an attempt is made to define citizen journalism in terms of its types. It draws out key trends in the nature and uptake of the phenomenon of citizen journalism. and democratic value. the deregulation of the media landscape. namely the case studies. and the place of technology in its enunciation and practice. outlining how normative media theory views shifts in institutional analysis. technological basis. the Maghreb. . the commercialisation of state media. the move towards privatisation. the chapter analyses the institutional basis of journalism. especially in an age when media institutions would seem keen on institutionalising the practice of citizen journalism. Chapter 7 concludes the study by highlighting the need for more research into how citizen journalism can become more democratic and democratising. Southern Africa and West Africa. Chapter 4 sets forth a conceptual framework for citizen journalism. the communitarian agenda for the democratisation of journalistic communication. As such. Here. CITIZEN JOURNALISM & DEMOCRACY IN AFRICA: AN ExpLORATORY STUDY Chapter 3 sets out the contextual framework within which citizen journalism occurs. in view of the conceptual framework of citizen journalism. and how citizen journalism emerges to transgress the institutionality of journalistic practice.2 facilitated by pre-determined and emerging themes. taking care to analyse its contextual moorings. and the emergence of new communication and information technologies (ICTs). Chapter 6 is a general discussion of the findings. Chapter 5 presents case studies of the practice of citizen journalism in East Africa. empowerment. participation. Of particular relevance here are the implications for citizen journalism of the following processes: the globalisation of democratisation.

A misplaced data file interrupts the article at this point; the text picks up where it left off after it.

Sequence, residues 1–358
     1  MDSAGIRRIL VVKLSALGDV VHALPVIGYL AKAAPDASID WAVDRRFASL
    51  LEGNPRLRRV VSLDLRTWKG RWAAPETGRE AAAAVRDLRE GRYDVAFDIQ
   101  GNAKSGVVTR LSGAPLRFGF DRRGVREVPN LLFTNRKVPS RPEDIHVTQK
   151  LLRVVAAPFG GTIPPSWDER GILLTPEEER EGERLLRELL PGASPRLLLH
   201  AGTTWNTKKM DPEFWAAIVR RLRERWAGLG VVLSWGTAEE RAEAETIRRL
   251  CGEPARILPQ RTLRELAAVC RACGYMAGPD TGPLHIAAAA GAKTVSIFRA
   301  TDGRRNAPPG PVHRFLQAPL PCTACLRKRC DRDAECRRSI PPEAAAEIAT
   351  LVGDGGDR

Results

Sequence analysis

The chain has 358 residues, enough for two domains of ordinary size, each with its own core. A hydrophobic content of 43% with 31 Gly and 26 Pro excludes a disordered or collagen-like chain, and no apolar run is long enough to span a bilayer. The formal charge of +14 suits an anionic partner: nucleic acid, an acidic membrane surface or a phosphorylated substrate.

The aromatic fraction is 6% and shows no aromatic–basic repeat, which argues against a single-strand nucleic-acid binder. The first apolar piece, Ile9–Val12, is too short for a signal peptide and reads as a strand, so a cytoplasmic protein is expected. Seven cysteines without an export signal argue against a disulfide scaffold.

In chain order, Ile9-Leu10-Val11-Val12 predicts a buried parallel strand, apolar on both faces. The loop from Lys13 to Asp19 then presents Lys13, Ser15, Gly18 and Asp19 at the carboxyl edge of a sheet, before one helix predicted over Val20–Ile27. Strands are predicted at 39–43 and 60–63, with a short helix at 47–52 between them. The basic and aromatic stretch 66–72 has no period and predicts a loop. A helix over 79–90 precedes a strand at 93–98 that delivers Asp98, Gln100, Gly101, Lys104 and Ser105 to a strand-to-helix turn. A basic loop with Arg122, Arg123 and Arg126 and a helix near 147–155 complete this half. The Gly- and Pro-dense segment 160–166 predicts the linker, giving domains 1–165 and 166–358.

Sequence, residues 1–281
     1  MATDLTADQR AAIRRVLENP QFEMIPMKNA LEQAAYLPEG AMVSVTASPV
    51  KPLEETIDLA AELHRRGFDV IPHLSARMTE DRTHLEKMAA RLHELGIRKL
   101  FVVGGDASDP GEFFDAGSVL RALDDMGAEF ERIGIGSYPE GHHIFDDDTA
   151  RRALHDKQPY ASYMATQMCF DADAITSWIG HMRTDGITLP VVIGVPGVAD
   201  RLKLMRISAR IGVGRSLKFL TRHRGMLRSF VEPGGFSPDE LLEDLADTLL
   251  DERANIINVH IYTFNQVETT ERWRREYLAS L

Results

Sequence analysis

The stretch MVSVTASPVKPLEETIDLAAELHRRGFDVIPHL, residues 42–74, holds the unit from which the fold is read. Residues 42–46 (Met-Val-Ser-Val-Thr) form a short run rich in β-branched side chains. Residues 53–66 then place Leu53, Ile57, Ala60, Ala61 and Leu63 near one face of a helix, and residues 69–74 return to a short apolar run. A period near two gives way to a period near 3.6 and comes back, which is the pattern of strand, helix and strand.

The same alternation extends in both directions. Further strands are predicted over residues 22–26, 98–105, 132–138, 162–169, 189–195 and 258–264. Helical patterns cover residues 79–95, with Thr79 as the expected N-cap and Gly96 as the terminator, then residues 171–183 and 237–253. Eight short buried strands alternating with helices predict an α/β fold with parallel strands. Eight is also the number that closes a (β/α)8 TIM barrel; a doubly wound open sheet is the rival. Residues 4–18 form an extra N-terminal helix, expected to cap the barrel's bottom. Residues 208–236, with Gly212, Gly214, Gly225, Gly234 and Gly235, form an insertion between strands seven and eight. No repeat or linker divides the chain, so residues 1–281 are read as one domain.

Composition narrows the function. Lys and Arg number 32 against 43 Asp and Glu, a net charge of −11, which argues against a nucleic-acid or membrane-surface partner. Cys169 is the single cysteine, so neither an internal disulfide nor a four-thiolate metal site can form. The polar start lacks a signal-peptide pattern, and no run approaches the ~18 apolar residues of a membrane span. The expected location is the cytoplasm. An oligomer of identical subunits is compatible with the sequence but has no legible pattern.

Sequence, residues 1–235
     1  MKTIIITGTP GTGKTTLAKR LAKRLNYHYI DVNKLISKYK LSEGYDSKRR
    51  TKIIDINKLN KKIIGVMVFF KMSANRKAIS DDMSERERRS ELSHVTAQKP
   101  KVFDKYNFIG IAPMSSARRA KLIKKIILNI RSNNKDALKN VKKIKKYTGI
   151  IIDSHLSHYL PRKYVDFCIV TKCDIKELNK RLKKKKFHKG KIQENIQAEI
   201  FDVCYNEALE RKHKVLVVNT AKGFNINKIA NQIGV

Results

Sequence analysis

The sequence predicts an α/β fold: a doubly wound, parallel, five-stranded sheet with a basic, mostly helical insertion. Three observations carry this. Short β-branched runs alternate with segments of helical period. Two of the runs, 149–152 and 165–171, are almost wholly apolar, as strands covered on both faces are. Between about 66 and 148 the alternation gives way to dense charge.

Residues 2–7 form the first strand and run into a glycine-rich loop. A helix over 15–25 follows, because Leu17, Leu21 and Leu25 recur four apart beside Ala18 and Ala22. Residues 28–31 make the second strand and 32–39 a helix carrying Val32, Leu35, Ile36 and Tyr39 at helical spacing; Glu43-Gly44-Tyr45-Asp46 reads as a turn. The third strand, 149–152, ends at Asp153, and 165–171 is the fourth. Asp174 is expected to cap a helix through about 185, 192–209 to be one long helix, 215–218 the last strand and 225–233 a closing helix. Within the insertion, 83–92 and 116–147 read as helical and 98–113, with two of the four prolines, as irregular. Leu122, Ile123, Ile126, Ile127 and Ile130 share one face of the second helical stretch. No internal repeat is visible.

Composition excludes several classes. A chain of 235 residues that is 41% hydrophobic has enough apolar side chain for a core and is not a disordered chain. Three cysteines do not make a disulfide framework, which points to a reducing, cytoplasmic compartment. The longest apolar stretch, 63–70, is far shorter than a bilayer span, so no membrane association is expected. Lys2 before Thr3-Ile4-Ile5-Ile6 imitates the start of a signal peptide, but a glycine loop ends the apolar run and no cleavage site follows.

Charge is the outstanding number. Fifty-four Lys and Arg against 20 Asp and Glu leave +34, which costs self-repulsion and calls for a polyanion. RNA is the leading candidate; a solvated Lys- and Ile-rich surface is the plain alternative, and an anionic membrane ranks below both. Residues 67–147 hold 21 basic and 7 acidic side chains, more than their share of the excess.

etc. This part of the analysis served to give a detailed analysis of the contextual and other factors that influence the practice of citizen journalism both at the personal and institutional levels. Here. conduct personal interviews. and What the initiators’ definition of citizen journalism was and why they considered the project to fit that definition.g. How it was managed.) . Where it was located.Chapter Two: Methodology In order to achieve the objectives spelt out above. A key aspect of the methodology was to use in-country research assistants to undertake the field study. It also provided the general contextual framework within which citizen journalism was practised. and authors’ own observations of the key features of the citizen journalism movement across the African continent. In particular. so that the respondent spoke from their own lived experiences. enabling laws. Whom it targeted. Probing questions included: • Progressive policy and regulatory frameworks (e. taking into account: • • • • • • • The name of the project. Who initiated it. information was organised around the following themes: The context of citizen journalism This provided a broad description of a particular citizen journalism project. analysis and review of documents on the subject matter. and critically reflect on how the phenomenon of citizen journalism was panning out in their respective countries and sub-regions. data was collected by means of personal interviews with initiators of citizen journalism projects and other interested actors in different countries. it was important for the research assistants to probe as hard as possible. How it operated.